David Bourget (Western Ontario)
David Chalmers (ANU, NYU)
Rafael De Clercq
Jack Alan Reynolds
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In Matt Matravers (ed.), Critical Review of International Social and Political Philosophy. Frank Cass. 13-32 (2003)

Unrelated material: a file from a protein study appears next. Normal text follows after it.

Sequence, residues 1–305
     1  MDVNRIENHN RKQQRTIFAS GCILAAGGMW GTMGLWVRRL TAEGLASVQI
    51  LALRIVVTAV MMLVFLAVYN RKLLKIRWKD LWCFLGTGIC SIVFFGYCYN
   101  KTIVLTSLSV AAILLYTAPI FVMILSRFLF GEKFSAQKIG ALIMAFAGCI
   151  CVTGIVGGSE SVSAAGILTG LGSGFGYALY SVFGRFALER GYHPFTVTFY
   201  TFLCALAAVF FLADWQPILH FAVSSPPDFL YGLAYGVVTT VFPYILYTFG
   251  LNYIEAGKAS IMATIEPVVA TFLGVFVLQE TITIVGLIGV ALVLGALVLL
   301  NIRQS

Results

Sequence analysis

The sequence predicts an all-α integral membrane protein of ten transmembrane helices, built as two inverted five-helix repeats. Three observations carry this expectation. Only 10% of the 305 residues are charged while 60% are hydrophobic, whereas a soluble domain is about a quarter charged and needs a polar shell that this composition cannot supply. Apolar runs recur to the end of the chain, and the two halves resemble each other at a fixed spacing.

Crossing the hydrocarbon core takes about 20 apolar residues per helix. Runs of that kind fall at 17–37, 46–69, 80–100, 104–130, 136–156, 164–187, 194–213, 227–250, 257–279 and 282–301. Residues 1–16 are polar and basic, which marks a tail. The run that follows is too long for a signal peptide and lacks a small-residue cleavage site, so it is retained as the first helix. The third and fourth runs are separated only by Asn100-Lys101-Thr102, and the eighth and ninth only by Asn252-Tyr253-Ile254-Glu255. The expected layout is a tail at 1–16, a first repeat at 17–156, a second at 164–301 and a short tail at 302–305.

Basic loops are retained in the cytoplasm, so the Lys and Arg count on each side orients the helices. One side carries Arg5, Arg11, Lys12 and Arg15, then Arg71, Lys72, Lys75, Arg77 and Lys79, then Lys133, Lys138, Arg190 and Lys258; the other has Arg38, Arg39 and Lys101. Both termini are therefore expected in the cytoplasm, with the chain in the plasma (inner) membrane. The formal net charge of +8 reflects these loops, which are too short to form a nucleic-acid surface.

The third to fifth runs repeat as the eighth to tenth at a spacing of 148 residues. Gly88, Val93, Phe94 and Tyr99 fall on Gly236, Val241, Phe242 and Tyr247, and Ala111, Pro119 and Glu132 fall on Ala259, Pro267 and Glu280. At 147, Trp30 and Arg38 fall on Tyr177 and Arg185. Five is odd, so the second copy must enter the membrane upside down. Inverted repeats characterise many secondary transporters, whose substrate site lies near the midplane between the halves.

Scanlon's account of reasons is essential to his contractualism as a whole, providing an extensive foundation in practical reasoning for his theory. A full understanding of his account of reasons is therefore vital to understanding the nature of Scanlon's contractualism. With the aim of contributing to such an understanding, in this essay I reconstruct several of Scanlon's most significant arguments concerning reasons. I focus on two areas: his discussion of the role of desire in practical reasoning and his arguments for the claim that reason judgements should be seen as objective. I conclude that the weakness of one his claims regarding desire may cause substantial problems for his arguments in both of the areas examined
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